From Texas StandardTerry Allen is a mixed-media southwestern storyteller. David Byrne is a fan of his and a former collaborator. Ryan Bingham and Lucinda Williams are among the dozens of famous musicians who've covered his songs. His artwork is in the collections of the Met, MoMA, the Hirschorn, and various art museums around Texas. He’s written award-winning plays and cemented a reputation as a creative renaissance man.

Sarah Montgomery/KUT

From Texas StandardTuesday Planned Parenthood heads to court for the first of three days of hearings to defend their right to stay in the Texas Medicaid program.

Photo by Liang Shi for KUT News

From the Austin Monitor: The program manager for Austin Water’s Public Information & Marketing Office resigned in late December after an investigation by the Office of the City Auditor concluded that he had accepted a gift or favor from a city contractor and wasted city money in payments to that contractor.

Bob Daemmrich for The Texas Tribune

"Who doesn't know what's going on with Dawnna Dukes?"

On a rainy Sunday two days before a case against Dukes, the longtime state representative of House District 46, is scheduled to get a grand jury hearing, Joseph Frederick, 57, asked the question with a laugh while getting his hair cut in Delton's Pecan Street Barber Shop in Pflugerville.

Gabriel Cristóver Pérez/KUT News

Hundreds of people marched from the University of Texas campus to the state Capitol and then on to Huston-Tillotson University to celebrate the legacy of the Rev. Martin Luther King Jr., in Austin on Monday.

Courtesy of Gabriel C. Pérez

Irving, Texas, oil giant Exxon Mobil must hand over internal documents about global warming to the Massachusetts attorney general, a federal judge ruled earlier this month. It was just the latest development in a strange legal battle that’s sucked in the Texas attorney general and cast a shadow over President-elect Donald Trump’s pick to head the State Department.

Courtesy Renee Lockett

From Texas StandardJason Fry is a filmmaker from Brownsville. We met at a diner there. He told me what happened to him the afternoon of Dec. 8 as he drove down Highway 48, from Brownsville to Port Isabel.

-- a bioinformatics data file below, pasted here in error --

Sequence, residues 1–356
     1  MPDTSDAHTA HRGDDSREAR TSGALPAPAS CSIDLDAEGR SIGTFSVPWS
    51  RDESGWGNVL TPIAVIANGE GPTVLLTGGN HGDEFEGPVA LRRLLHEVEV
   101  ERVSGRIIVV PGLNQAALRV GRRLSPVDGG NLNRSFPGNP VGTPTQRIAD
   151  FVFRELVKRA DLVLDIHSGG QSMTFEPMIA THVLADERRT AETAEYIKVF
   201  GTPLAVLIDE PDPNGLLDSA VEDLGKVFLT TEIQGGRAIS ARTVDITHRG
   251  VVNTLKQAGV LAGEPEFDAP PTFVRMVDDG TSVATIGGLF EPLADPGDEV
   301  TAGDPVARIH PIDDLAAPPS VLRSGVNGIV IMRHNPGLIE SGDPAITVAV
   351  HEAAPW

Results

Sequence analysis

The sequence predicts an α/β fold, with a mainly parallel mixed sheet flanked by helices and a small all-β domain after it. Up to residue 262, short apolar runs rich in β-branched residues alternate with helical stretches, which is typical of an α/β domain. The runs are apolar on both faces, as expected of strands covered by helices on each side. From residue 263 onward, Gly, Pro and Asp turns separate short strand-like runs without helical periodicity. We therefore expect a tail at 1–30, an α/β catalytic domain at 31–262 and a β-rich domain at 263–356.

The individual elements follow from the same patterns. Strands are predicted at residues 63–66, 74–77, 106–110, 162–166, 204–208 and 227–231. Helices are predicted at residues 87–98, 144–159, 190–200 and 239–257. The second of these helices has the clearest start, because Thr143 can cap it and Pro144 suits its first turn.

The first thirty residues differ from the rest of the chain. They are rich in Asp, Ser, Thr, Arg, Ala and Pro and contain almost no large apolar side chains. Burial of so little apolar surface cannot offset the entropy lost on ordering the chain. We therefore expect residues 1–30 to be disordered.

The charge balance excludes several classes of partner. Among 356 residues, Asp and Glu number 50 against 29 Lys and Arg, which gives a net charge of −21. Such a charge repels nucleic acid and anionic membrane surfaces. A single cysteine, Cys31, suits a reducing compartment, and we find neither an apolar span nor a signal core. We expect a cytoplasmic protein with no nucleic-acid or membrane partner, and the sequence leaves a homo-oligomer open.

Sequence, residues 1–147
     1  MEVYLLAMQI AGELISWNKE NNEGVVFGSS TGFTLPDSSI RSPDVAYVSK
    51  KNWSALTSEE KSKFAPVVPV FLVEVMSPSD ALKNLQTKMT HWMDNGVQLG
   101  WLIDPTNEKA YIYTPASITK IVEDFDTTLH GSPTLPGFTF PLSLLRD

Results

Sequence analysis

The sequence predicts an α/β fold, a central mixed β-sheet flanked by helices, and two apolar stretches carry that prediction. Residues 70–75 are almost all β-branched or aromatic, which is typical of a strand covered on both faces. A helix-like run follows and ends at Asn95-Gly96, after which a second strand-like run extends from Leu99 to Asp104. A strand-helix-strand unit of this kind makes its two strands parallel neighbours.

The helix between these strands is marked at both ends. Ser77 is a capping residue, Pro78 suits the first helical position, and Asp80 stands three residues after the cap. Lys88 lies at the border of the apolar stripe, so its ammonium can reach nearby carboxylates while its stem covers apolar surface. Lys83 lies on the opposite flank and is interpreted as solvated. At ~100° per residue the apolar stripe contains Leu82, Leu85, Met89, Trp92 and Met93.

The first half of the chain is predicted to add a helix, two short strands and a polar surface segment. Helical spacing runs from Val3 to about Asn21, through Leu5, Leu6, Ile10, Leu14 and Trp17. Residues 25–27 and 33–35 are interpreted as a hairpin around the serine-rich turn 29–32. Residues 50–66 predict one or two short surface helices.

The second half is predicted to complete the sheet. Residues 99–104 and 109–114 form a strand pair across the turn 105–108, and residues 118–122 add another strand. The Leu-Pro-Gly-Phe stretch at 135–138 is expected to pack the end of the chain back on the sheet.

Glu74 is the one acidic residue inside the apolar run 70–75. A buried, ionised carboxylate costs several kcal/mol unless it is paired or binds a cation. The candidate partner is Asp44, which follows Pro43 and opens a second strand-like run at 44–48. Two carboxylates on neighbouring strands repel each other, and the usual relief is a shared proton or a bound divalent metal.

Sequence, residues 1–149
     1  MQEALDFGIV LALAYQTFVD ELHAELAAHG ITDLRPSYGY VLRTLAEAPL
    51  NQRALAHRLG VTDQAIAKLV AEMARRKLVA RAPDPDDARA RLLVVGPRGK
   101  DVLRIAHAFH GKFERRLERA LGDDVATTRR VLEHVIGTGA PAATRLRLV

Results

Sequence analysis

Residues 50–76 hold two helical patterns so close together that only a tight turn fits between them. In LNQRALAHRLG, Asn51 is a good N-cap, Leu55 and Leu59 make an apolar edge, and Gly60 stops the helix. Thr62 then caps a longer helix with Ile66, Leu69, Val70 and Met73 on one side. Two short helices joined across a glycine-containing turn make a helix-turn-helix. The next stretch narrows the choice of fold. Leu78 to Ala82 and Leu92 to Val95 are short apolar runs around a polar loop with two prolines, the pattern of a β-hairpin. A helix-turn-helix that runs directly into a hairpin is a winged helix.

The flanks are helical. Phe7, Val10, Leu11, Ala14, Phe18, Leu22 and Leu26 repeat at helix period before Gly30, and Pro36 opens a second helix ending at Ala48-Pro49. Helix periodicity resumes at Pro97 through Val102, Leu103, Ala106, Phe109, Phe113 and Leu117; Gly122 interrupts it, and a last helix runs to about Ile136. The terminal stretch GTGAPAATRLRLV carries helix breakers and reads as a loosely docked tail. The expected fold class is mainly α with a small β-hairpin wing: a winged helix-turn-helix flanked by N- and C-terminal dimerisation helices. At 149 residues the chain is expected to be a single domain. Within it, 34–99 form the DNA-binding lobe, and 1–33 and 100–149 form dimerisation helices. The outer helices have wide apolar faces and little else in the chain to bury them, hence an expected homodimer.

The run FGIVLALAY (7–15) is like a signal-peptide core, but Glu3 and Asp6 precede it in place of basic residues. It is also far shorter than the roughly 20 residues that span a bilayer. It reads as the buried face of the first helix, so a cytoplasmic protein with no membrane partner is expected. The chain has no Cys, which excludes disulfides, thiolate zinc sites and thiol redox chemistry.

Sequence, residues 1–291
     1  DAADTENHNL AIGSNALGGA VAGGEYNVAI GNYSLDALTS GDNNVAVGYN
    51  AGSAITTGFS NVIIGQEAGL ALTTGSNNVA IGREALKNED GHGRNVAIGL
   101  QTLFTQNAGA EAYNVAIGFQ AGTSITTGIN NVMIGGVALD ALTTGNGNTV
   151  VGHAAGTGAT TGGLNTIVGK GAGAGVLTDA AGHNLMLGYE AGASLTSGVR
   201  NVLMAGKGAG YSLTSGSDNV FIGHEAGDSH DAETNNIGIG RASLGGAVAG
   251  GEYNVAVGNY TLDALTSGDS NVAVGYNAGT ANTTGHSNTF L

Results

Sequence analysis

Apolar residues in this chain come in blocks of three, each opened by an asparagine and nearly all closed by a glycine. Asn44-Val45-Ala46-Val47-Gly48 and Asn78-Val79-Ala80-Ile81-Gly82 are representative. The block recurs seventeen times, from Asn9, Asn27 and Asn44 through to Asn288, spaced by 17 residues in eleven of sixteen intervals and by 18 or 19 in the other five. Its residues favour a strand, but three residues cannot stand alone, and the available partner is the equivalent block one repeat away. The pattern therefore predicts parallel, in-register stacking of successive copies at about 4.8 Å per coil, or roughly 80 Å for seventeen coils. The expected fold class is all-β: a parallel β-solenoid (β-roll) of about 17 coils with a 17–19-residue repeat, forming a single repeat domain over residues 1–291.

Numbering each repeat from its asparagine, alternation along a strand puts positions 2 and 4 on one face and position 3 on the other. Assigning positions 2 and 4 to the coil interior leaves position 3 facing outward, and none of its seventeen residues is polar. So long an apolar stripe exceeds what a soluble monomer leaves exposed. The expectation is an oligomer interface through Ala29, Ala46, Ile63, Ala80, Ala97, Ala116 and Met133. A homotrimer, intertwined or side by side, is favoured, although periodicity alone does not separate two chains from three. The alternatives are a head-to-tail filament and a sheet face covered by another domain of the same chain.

“It was low visibility, and all of a sudden a pelican dropped out of the sky right in front of my truck,” he said.

Pixabay (Public Domain)

From Texas StandardA federal judge is ordering Pasadena, Texas to submit its voting system for federal approval – marking the first such order since the Supreme Court decision in 2013 striking down the heart of the Voting Rights Act.

That Other Paper/Flickr

The 2017 Texas Legislative session is underway. State legislators meet every other year for 140 days in a frenzy of debating (sometimes arguing), deal-making, stand-taking, bill-killing and, occasionally, law-making.

We want to know what you want to know about the Legislature: how it works, why it works the way it does and what you want lawmakers to do.

Gabriel Cristóver Pérez/KUT News

From lower wages to higher interest rates for loans, minority business owners in Austin often face disproportionate challenges. But city staff are working to help those businesses find more opportunities to work with the city of Austin.

The Writer’s Almanac with Garrison Keillor educates, entertains and inspires with brief facts and poetry related to each day's date. It celebrates the birthdays and works of poets, writers, composers, philosophers and historical figures.  It is heard Monday through Friday evenings at 8:01 p.m. on KUT 90.5. On weekends you can find the Writer’s Almanac right here on KUT.org each morning at 8. Find more information and other shows at http://writersalmanac.org/